Since 2006 I have been working with SculptCAD on and off on several different projects. Nancy (Hairston, SculptCAD founder) came to me early and asked about people I thought she should include.  Though none of my suggestions were included, I was.

Is this your first experience with 3D/digital sculpting technology and tools?

No, SculptCAD first did work for me on my stacking cow project in 2006.

How have these technologies changed the way you approach your process?

The ability to test a design out and change it without much demand has been nice, but also a problem when the computer crashes amid working.  Just means I do the work again but this time more direct and succinct.

Are these digital tools having an effect on the work you are creating? Are the tools aiding/adding to/hindering the process?

Not really. I have been able to realize a project that I was working out in my head. I did have a little learning curve but now I think of them just like any tool.

What are your thoughts on the SculptCAD Rapid Artists Project?

It has been fun and interesting to see the other artists’ creations. I have been thinking about computer aided design for a long time and see now that I was rather limited in my vision

Looking beyond the project, what do you have coming up in the near future art-wise? Do you have any shows or projects planned?

I am giving a lecture at the conference and at Boise State University on this subject. I have yet to build much work this year beyond the RapidArtist piece. I did have one show earlier this year at Mary Thomas Gallery. I am working on new work for a show there as well. My galleries in Santa Fe and Denver are more salon type and don’t have “shows.”

How can people interested in your work get in touch with you?


vanness.dave (at) gmail.com

Do you have any final thoughts on the Rapid Artists Project?

I hope we can reproduce this experience again, with more and different artists I know this means that I might not be able to participate next time, but I think it would be interesting to see what develops

March 23, 2010

Big Bucks Burnett and the Wall Street Journal

Filed under: Arts, et.al., Media — Tags: , , , , — David Kirkpatrick @ 9:40 pm

I actually caught the original gallery show at Barry Whistler last fall and it was pretty cool. Of course I have a decent eight-track collection including Kiss, Elvis, Johnny Cash, Wild Cherry (of “Play that funky music white boy” fame) and more. Sadly, I do not own a working eight track player right now.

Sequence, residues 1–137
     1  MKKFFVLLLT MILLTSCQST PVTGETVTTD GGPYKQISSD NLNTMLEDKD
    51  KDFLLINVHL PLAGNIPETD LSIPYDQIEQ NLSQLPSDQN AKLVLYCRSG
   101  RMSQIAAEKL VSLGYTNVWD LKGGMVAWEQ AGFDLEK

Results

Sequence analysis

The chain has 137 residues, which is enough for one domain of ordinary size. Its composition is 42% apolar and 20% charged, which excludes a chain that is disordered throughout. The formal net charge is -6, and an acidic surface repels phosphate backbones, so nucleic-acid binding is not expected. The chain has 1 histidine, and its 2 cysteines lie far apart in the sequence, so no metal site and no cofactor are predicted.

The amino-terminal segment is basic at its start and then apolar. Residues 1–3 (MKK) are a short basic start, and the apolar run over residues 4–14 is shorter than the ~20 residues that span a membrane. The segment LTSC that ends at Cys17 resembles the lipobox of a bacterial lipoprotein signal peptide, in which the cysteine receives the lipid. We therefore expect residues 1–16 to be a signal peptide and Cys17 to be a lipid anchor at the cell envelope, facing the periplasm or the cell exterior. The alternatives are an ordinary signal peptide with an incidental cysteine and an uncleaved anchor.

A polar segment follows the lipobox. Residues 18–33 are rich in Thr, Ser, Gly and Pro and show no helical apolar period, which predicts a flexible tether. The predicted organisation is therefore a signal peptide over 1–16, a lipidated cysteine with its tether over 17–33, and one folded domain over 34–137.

Congrats, Bucks, on the latest show/temporary museum, the WSJ feature and best of luck with the permanent eight track museum.

From the link:

Last fall, more than 200 people crammed into one of this city’s premier contemporary art galleries for a three-day show. The white walls, accustomed to paintings that sell for thousands of dollars, were home to less rarified fare.

The show? Eight Track Tapes: The Bucks Burnett Collection. “It was packed,” says gallery owner Barry Whistler.

Presiding over the affair was James “Bucks” Burnett, a portly fellow with long gray hair and a white beard. He wore a tailored brown suit covered with images from the album cover of Led Zeppelin’s 1973 Houses of the Holy. Strangers showed up offering boxes of eight tracks, which Mr. Burnett happily pawed through, plucking out dusty rarities and putting them on display.

The positive response “led me to think maybe I’m not insane,” says Mr. Burnett. But it also helped him realize that a brief gallery show simply can’t contain his vision for the hard plastic tapes, one of the clunkiest and most short-lived music formats of all time.

He wants to open an eight-track museum. “There are only two choices. A world with an eight-track museum and a world without an eight-track museum,” he says. “I choose with.”

March 20, 2010

If you love King Crimson …

Filed under: Arts, Media — Tags: , , , , , — David Kirkpatrick @ 5:04 pm

… you should check out Giles, Giles & Fripp.

March 19, 2010

DVD recommendation — “Red Cliff”

Filed under: Arts, Media — Tags: , , , , , , , — David Kirkpatrick @ 1:04 am

I’m going to go way out on a limb here and recommend John Woo’s “Red Cliff” before I’ve even finished watching the film. It’s a two-parter that clocks in somewhere in the ballpark of five hours, so I’ve only finished part one. That much is enough to highly suggest you check this out. The tale is epic in every sense of the word — the battle scene action is excellent, the storyline is great and the movie itself is gorgeous. If you don’t see an update to this post sometime tomorrow night it means part two was not a let down. I don’t expect it to be.

March 18, 2010

SculptCAD Rapid Artist — Heather Gorham

This post is the second in an ongoing series highlighting the artists behind the SculptCAD Rapid Artists Project. (Hit this link for all posts related to the project.)

Heather Gorham is a Dallas-based artist represented by the Craighead Green Gallery and shows her work across the United States. Unlike many of the project participants, Heather has previous experience with the haptics device and 3D technologies although this is her first use of those technologies in artwork.